You can read about all these books by clicking the link below, plus details of his life, his radio and television work, his influences, his enthusiasms, his prejudices, his occasional public appearances. You can ask him questions – he’ll be pleased to hear from you – and he will write a fairly regular blog with his unique take on the events of the day.

David Nobb's Website     

Tuesday 16 October 2012

A Top Ten

A new regular feature where I canvass other folk for their Top Tens.....all will become clear I promise!

First up is Luke Benjamen Kuhns; Luke  is a graduate of the University of Manchester where he studied Theology. Luke is an experienced musician and lyricist where for a time Luke served as head writer on several music endeavors. He grew up in a small town in Indiana, USA where he spent hours creating worlds of fiction in short story and poetic form. Luke is a great lover of literature and considers C.S. Lewis, J.R.R Tolkien, Robert Lewis Stevenson, and Sir Arthur Conan Doyle to be his biggest creative inspiration. He currently resides in London where he enjoys being in the heart of the British Empire which is home to many of his favourite stories. His initial lists:

1. Top Ten Sherlock Holmes Canon short stories

The Sign of Four 
The Hound of the Baskervilles
A Scandal in Bohemia
The Yellow Face
The Final Problem
Wisteria Lodge
The Bruce-Partington Plans
The Devil’s Foot
The Sussex Vampire
Thor Bridge

'These ten stories are the ones that really capture my imagination the most. The all border on the strange or grotesque and that is what I found most intriguing about each of these stories. Doyle’s own imagination it stunning and that is reflect, for me, in these ten.'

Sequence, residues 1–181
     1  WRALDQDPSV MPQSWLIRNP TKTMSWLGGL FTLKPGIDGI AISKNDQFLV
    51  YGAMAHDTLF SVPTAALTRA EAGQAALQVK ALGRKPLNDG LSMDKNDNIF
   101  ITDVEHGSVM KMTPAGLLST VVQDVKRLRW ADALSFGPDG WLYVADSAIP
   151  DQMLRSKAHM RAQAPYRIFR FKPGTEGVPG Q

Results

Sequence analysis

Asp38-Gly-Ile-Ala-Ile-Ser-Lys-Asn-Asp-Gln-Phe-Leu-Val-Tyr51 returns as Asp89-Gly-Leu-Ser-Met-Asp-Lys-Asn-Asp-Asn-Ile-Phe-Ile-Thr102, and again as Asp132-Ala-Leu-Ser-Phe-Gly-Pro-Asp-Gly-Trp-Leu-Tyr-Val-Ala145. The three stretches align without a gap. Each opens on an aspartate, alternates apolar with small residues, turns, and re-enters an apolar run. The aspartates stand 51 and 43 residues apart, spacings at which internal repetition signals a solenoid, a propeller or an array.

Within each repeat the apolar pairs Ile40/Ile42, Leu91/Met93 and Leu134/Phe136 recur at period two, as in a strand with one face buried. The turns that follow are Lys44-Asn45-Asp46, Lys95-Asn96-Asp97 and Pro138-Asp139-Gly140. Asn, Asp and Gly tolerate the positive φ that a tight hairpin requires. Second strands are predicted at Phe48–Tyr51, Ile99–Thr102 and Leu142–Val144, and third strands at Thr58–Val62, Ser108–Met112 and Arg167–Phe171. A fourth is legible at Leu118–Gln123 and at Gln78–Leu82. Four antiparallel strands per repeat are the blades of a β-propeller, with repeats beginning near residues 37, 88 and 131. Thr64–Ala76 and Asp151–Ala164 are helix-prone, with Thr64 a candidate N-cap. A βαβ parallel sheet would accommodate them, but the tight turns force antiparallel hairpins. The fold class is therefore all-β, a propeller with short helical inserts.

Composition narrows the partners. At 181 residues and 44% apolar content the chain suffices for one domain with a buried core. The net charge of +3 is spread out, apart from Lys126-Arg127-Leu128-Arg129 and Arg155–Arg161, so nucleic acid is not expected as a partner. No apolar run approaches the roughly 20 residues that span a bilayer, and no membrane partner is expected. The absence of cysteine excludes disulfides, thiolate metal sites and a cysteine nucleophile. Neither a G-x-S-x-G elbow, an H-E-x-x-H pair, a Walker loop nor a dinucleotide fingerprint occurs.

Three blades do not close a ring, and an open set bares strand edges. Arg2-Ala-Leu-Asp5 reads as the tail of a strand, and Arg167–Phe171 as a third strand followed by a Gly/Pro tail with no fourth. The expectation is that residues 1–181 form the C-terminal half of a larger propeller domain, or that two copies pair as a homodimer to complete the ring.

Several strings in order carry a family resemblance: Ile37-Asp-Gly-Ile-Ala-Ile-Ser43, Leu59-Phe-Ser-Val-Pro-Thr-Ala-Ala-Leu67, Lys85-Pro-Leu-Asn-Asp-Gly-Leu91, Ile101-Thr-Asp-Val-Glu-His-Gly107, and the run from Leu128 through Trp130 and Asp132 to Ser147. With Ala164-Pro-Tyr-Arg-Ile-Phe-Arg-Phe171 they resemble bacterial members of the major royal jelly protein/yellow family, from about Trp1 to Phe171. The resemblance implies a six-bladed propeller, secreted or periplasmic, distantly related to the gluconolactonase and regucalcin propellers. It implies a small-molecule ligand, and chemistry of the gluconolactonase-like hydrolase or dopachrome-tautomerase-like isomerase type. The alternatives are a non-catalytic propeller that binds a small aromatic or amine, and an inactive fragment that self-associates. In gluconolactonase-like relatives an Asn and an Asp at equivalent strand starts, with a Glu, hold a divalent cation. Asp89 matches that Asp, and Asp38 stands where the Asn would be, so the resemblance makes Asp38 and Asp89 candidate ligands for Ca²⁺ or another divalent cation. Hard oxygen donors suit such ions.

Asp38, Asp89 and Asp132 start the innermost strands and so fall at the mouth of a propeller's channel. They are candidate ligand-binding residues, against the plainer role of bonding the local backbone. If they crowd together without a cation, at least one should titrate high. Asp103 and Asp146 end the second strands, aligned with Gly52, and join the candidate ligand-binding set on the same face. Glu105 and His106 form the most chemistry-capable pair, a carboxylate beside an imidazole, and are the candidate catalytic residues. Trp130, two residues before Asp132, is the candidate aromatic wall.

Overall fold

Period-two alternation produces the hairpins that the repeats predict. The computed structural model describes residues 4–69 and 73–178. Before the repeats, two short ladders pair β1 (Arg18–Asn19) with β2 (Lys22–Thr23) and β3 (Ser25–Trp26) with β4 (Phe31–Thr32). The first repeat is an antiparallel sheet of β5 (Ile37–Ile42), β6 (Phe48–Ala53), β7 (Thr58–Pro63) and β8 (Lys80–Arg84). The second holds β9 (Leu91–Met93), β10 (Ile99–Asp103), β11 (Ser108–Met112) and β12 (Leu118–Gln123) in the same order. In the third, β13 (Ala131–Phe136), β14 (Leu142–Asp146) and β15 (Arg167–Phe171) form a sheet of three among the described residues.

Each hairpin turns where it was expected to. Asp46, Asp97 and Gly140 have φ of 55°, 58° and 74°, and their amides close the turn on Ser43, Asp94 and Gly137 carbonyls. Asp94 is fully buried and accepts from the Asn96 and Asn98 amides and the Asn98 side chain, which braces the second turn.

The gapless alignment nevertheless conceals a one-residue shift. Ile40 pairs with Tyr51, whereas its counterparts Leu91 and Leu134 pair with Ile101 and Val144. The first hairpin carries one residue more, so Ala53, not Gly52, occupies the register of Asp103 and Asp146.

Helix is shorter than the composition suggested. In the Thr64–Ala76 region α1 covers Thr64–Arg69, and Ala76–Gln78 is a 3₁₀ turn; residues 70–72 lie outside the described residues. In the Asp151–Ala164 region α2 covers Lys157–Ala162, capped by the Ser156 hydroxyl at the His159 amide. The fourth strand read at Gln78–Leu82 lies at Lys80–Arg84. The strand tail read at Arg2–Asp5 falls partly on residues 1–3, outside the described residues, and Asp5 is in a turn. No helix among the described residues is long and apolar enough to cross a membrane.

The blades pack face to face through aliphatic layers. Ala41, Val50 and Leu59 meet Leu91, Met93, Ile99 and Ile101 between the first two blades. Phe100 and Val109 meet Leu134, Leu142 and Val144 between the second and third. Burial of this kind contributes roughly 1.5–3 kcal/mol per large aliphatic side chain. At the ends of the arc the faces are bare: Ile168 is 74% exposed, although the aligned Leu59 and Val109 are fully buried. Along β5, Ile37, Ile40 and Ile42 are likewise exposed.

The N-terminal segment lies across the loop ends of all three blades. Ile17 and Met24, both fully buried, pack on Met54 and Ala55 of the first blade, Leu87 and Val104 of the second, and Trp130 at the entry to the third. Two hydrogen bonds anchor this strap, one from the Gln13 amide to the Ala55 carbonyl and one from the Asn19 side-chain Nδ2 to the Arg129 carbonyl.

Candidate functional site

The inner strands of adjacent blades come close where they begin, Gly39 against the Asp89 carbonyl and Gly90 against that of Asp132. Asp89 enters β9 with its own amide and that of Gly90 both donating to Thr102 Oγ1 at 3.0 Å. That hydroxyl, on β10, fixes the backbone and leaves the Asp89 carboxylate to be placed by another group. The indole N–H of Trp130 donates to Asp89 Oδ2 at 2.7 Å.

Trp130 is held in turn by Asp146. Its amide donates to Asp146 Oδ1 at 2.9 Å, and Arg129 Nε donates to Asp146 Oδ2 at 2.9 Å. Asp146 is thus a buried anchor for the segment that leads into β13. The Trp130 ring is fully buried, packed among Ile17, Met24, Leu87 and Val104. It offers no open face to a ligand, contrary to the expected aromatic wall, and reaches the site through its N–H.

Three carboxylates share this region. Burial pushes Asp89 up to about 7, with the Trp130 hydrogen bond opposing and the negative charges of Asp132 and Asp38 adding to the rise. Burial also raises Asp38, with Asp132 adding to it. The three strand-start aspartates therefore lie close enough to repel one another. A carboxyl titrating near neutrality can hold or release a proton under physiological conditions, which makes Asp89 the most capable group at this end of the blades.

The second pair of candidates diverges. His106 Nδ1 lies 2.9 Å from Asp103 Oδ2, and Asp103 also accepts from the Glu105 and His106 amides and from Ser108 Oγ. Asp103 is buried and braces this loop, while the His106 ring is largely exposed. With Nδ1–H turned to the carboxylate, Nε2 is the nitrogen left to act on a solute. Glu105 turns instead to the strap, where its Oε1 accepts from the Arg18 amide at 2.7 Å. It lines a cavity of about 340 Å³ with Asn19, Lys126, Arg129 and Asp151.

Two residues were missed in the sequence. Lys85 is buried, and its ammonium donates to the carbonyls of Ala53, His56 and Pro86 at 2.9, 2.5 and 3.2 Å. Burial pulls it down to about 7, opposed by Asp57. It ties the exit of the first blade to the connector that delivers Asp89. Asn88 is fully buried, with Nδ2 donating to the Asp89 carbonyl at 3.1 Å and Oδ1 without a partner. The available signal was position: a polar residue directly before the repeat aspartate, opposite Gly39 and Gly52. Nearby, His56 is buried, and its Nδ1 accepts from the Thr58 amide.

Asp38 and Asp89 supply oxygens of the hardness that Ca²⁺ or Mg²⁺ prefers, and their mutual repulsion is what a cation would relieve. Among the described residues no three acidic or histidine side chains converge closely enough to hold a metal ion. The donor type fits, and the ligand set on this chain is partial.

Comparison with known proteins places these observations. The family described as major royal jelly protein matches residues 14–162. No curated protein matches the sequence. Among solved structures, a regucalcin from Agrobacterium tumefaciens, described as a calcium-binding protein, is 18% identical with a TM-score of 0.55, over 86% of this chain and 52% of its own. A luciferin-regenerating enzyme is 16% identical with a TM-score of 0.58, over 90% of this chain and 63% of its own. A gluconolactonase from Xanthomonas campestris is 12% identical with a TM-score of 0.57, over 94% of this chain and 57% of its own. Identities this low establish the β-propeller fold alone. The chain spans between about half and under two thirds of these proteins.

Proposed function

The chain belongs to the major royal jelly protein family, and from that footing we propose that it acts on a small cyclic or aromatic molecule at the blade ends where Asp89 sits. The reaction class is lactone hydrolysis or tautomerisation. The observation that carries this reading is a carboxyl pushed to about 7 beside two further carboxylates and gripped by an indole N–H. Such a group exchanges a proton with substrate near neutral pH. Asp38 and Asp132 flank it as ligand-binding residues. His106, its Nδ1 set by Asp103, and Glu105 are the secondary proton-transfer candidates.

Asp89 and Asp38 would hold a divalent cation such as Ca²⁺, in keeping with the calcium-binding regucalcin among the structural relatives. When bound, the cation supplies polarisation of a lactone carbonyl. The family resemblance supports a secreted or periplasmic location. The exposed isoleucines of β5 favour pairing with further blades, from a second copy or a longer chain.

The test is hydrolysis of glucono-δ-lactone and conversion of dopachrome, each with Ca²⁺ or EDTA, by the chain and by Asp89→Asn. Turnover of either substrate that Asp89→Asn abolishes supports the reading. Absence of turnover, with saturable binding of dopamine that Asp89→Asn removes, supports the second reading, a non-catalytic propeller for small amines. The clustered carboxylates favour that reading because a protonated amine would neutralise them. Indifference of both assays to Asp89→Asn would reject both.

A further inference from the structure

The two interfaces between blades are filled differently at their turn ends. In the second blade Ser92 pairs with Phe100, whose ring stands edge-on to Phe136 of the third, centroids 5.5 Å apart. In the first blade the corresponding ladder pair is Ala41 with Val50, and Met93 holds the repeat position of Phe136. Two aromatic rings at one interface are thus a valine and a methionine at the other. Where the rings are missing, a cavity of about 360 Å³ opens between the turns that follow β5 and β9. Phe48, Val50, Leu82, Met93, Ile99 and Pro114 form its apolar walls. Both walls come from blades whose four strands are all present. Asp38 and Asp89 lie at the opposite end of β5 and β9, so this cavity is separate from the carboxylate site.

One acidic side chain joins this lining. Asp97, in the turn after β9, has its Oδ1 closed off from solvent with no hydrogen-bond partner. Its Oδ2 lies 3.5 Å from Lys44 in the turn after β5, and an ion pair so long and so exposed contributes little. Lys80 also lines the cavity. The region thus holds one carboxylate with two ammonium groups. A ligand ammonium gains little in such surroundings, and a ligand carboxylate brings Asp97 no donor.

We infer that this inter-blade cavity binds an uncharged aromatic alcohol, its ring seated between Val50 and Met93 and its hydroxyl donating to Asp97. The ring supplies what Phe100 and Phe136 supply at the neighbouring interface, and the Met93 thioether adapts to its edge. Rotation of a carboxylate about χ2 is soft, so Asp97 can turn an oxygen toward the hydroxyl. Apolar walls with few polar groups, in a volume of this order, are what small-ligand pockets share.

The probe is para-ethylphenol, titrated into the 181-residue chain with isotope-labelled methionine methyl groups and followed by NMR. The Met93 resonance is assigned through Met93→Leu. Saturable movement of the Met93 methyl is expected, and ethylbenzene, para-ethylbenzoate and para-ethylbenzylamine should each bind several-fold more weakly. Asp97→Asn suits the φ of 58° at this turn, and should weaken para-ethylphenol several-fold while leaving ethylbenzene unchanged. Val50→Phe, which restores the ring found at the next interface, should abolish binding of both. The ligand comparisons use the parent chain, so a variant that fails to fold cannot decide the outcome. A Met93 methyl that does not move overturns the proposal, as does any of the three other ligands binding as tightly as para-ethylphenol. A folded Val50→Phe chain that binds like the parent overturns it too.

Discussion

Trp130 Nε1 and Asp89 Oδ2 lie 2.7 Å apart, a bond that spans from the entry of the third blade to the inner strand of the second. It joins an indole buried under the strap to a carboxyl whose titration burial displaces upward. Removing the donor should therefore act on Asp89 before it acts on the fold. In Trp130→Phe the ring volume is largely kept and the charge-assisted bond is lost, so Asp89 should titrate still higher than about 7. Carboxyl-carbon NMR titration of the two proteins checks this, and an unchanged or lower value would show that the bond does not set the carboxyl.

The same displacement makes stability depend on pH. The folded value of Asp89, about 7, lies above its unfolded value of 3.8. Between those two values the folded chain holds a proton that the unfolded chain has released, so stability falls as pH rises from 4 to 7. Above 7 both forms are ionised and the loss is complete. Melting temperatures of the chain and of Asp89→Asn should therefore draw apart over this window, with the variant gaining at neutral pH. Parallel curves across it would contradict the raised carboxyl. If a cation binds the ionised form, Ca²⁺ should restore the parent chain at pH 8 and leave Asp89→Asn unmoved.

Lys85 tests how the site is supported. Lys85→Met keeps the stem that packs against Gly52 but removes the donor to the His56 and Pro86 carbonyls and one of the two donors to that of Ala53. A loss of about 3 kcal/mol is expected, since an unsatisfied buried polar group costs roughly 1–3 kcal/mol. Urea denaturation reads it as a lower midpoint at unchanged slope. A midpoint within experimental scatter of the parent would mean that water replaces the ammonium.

Top Ten writers                                                      

C.S. Lewis
JRR Tolkien
Robert Lewis Stevenson
Loren D Estleman

Douglas Adams
H.G Wells
J.M. Barrie
Sir Arthur Conan Doyle
Robert Ludlum
Rick Rioardan

'Each of these ten writers have had some influence on me in some capacity. I grew up reading several of these authors and they aided in shaping my own imagination and also how I see the world. With Lewis and Tolkien and the importance of friendship and hope, Adams and his quirky sci-fi humour, Barrie and the importance of never losing that child like wonder in life are but a few reasons why some of these ten hold a special place for me.' 

3. Top Ten pieces of music or albums

Audio Adrenaline: Until My Heart Caves in
Haste the Day: Attack of the Wolf King
The Romans: The End of the Century - Chinese Rock is a killer track! Just saying.
Anberlin: Never Take Friendship Personal
Fun: Some Nights
Queen: A Day At The Races
Alan Silvestri: Back to the Future Original Sound Track
Hans Zimmer: Sherlock Holmes Original Sound Track
Tchaikovsky: Swan Lake, Swan Theme
Mozart: Requiem in D Minor